Furthermore, tourism provides the opportunity for Ushafa traders to make profitable brisk sales. Ushafa community always hosts important dignitaries because of its tourism status, and there is usually large influx of people into the community during such visits by prominent personalities. Visitors patronize local traders especially by buying food, drink and snacks. During the field work, the researcher had the opportunity to witness the endurance trek of corps members which terminated at Ushafa community. It was not a coincidence, Ushafa was deliberately chosen so that corps members could witness the rich cultural and natural tourism resources of the community. It was awesome witnessing the magnitude of sales made by local people as corps members were every where, singing, dancing round a potter’s statue, and enjoying their money which resulted in good business for local traders.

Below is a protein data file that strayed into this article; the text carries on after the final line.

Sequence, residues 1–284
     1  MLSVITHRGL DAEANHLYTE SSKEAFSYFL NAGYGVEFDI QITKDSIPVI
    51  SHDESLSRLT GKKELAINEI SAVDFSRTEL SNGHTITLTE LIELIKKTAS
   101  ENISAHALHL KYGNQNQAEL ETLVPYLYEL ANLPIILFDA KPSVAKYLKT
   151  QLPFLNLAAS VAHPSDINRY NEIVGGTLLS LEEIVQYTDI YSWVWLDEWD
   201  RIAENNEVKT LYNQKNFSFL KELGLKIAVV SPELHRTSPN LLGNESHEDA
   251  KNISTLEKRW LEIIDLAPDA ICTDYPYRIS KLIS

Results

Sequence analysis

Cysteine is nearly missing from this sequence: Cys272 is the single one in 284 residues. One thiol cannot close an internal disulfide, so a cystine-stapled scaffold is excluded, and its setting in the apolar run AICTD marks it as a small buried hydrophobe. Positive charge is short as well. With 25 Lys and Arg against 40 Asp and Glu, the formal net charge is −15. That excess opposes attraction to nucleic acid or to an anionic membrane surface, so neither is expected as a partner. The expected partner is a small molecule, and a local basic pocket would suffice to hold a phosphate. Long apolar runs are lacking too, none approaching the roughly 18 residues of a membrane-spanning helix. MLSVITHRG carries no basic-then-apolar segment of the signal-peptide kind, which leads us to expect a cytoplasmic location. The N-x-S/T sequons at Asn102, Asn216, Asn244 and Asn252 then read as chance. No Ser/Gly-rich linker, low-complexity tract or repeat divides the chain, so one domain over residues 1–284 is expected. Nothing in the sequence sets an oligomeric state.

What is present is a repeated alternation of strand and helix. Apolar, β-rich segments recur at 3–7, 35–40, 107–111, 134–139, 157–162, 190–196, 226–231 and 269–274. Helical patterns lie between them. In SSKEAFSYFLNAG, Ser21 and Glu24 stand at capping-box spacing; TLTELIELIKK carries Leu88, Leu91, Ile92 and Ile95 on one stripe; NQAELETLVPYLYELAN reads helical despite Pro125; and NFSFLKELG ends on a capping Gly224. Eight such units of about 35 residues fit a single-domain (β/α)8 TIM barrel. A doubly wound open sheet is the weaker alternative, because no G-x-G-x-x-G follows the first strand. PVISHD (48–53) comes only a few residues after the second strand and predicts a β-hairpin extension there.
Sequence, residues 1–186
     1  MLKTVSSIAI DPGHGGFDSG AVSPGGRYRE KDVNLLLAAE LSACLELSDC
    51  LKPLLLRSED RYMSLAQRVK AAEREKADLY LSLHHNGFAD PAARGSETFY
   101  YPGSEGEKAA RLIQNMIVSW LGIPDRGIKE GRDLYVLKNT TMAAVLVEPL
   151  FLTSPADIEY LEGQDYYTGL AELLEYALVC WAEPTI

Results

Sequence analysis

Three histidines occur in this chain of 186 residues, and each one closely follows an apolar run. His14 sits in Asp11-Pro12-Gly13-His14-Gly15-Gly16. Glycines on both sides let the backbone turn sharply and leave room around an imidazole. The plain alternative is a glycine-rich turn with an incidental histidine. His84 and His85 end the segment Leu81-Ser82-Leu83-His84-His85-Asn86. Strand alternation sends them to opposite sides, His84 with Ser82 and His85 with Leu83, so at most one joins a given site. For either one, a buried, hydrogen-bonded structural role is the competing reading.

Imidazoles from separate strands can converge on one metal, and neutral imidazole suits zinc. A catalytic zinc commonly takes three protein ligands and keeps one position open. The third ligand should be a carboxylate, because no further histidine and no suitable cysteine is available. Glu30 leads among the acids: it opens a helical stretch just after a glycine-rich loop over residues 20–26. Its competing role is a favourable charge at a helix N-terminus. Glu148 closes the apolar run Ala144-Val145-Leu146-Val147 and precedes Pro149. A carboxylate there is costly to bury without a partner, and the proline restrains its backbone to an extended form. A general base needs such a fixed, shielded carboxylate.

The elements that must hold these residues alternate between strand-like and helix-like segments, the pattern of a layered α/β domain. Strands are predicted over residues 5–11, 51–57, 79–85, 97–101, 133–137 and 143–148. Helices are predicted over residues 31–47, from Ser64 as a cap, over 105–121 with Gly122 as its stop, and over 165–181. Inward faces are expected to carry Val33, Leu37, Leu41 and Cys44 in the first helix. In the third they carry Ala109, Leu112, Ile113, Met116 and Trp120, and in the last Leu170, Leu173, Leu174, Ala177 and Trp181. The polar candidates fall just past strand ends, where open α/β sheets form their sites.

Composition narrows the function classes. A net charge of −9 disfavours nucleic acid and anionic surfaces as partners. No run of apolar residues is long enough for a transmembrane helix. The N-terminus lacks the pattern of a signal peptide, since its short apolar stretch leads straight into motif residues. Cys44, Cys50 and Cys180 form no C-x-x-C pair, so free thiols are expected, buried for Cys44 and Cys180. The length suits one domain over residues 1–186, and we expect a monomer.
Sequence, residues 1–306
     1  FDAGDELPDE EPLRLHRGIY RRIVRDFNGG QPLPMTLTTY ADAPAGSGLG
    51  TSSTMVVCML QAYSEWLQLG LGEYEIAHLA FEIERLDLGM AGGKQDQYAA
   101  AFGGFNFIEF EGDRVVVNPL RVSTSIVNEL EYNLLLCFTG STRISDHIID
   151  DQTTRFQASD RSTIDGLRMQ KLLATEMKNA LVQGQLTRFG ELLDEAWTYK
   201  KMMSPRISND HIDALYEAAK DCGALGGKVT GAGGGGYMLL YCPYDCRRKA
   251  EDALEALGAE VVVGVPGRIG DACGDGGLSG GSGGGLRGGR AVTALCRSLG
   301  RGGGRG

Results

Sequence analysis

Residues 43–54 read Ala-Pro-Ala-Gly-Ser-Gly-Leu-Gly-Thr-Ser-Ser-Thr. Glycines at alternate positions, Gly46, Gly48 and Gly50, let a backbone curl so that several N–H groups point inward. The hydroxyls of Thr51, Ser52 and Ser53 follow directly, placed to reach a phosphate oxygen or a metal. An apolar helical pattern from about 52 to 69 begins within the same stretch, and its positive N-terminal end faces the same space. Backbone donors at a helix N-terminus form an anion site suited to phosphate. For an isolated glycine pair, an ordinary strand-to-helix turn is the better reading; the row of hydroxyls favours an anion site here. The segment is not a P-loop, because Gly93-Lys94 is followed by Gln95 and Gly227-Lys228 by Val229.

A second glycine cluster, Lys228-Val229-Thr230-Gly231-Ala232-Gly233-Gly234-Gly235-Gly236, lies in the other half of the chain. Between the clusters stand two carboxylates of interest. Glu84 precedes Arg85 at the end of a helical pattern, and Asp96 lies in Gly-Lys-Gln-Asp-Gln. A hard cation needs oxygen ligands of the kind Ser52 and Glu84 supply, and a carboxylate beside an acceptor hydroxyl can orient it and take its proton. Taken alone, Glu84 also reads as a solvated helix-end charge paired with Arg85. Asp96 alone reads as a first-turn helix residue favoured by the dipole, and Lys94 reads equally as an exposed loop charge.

Provision of Basic Amenities
Another major benefit of tourism to rural
communities is the provision of basic infrastructure like roads, pipe borne water, hospitals and electricity. The availability of these and many more will make a tourism destination compete favourably with other destinations.
Ushafa’s infrastructural development has been spearheaded by tourism, some have been the efforts of Federal Capital Territory Development Authority (FCTDA), others have been the effort of Bwari Area Council and donations from private bodies. Today, Ushafa community can boast of good roads, pipe borne water, electricity, modern granaries, a junior secondary school, and a small clinic. The presence of these amenities and many more would no doubt serve as a catalyst for a more rapid development of Ushafa community.